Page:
Our results suggest that participating in a P4P program is associated with survival benefits; however, these results should be interpreted within the context of the studys limitation. First, given that this is an observational study, possible residual confounding factors cannot be excluded. We individually matched pairs for age, gender and the date of a diagnosis of diabetes, and both groups were followed-up from the same enrollment date to avoid immortal time bias,[45] which is common in cohort studies. Although we took comorbidities, social-demographics including the level and location of the medical hospital into account, we were unable to adjust for other aspects of care including personal glycemic control such as HbA1c level, blood pressure control, hyperlipidemia control such as LDL level, educational status, body mass index and physical activity, which are not available from the NHIRD but may have influenced the results. Second, the people who willingly participate in a P4P program or are selected for such disease management programs by physicians are not randomly selected. Many patient- and physician- level factors about participating in P4P program could be contributing to selection bias. Hsieh et al[46] has reported that patients with greater disease severity and comorbidities were more likely to be excluded from the P4P program. As similar phenomenon shown in our study, the non-P4P group had more comorbidities than the P4P group. The enrollees may be more conscious and concerned about their health care than people who do not enroll or drop out early, also known as the “healthy user effect”.[47] However, we cannot account for these biases, which may result in biased estimates of the effect on health outcomes.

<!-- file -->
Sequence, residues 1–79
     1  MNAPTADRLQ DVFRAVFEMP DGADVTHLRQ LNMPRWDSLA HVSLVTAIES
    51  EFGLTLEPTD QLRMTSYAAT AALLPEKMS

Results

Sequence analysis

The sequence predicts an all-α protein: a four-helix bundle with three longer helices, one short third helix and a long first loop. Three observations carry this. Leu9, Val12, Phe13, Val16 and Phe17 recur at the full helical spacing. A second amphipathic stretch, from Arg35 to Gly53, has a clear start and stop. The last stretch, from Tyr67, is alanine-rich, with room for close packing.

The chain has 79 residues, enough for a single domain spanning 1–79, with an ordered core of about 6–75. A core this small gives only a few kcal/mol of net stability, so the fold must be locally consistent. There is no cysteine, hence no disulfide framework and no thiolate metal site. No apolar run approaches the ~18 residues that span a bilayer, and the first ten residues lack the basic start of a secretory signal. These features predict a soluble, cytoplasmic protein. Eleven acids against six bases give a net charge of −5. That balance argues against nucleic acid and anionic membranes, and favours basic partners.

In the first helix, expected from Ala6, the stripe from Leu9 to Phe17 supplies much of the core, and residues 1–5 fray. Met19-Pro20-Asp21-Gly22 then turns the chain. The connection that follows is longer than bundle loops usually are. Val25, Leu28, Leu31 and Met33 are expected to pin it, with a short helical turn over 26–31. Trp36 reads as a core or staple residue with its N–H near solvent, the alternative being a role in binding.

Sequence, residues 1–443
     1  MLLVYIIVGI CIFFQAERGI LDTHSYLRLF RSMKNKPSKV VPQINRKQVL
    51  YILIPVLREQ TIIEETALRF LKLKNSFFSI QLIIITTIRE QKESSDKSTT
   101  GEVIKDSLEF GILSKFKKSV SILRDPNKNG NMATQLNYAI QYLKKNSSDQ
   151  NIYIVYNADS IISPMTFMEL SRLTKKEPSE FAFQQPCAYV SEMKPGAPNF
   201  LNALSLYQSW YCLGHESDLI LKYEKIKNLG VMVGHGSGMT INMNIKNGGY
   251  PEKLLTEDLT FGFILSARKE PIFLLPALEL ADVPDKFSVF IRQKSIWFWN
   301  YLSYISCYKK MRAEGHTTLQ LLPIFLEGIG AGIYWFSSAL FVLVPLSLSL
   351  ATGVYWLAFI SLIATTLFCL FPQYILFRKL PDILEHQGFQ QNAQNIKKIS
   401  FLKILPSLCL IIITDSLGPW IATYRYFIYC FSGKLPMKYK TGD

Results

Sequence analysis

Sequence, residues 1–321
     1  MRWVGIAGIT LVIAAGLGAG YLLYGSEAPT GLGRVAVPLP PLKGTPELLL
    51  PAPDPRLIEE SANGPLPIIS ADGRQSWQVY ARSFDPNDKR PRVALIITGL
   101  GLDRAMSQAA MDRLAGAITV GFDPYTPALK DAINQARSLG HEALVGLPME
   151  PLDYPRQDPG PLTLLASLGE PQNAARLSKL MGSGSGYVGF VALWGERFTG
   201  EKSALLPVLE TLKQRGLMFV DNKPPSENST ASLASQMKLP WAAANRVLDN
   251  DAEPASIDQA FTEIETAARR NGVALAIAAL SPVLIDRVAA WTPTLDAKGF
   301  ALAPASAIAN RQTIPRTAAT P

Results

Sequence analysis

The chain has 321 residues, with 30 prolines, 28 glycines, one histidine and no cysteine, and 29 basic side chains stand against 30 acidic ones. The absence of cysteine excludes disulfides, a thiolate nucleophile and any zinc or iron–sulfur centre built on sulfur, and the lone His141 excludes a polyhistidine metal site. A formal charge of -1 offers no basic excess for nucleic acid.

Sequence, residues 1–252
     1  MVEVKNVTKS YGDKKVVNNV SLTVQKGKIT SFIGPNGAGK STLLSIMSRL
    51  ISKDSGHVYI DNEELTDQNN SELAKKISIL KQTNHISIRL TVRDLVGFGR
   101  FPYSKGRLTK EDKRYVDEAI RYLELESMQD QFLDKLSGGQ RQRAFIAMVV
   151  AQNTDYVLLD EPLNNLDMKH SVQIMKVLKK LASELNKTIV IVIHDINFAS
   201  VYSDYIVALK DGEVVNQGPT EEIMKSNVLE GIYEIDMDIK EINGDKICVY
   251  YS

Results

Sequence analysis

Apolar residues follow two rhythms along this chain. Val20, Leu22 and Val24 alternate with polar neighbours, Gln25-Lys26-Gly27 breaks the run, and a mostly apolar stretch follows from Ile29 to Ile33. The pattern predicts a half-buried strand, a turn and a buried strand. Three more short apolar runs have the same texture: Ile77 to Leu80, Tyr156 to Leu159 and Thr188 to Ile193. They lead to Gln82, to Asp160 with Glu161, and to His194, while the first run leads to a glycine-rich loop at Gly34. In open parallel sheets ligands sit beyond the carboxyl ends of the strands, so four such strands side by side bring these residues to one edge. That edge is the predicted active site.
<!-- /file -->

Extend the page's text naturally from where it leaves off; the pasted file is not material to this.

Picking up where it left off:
5 Conclusions

In conclusion, participating in a P4P program within 5 years after the diagnosis of type 2 diabetes was associated with a significant reduction in all-cause mortality independently of underlying comorbidities and other covariates. Moreover, the patients with better adherence had a better survival rate. With the ever increasing number of patients with diabetes worldwide and the associated higher risks of developing cardiovascular disease, chronic kidney disease and cancer in addition to the large economic burden on healthcare systems, we suggest that efforts should be devoted to promoting P4P programs in patients with newly diagnosed type 2 diabetes for long-term survival benefits.

Author contributions

Conceptualization: Fang-Ping Kung.

Data curation: Ching-Fang Tsai, Li-Chung Huang.

Formal analysis: Fang-Ping Kung, Ching-Fang Tsai, Chin-Li Lu.

Investigation: Fang-Ping Kung.

Methodology: Ching-Fang Tsai, Chin-Li Lu.

Project administration: Fang-Ping Kung.

Software: Ching-Fang Tsai, Chin-Li Lu.

Writing – original draft: Fang-Ping Kung.

Writing – review & editing: Chieh-Hsiang Lu.

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Keywords:

all-cause mortality; diabetes mellitus; pay-for-performance program